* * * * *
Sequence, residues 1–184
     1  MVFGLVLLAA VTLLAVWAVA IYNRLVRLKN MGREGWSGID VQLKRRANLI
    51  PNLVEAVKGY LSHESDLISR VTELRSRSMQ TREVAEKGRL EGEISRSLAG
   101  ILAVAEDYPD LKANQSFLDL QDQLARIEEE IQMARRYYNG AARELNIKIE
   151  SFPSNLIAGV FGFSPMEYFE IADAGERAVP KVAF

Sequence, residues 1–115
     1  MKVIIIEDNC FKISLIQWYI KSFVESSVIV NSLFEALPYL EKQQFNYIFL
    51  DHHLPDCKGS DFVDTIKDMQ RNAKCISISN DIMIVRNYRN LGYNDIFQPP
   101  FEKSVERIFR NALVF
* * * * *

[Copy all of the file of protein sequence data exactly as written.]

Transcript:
Sequence, residues 1–184
     1  MVFGLVLLAA VTLLAVWAVA IYNRLVRLKN MGREGWSGID VQLKRRANLI
    51  PNLVEAVKGY LSHESDLISR VTELRSRSMQ TREVAEKGRL EGEISRSLAG
   101  ILAVAEDYPD LKANQSFLDL QDQLARIEEE IQMARRYYNG AARELNIKIE
   151  SFPSNLIAGV FGFSPMEYFE IADAGERAVP KVAF

Sequence, residues 1–115
     1  MKVIIIEDNC FKISLIQWYI KSFVESSVIV NSLFEALPYL EKQQFNYIFL
    51  DHHLPDCKGS DFVDTIKDMQ RNAKCISISN DIMIVRNYRN LGYNDIFQPP
   101  FEKSVERIFR NALVF